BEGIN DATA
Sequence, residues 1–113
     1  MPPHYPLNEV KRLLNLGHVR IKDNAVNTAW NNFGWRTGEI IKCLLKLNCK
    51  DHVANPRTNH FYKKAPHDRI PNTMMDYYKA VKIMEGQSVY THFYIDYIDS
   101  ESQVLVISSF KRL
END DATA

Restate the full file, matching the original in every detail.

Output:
Sequence, residues 1–113
     1  MPPHYPLNEV KRLLNLGHVR IKDNAVNTAW NNFGWRTGEI IKCLLKLNCK
    51  DHVANPRTNH FYKKAPHDRI PNTMMDYYKA VKIMEGQSVY THFYIDYIDS
   101  ESQVLVISSF KRL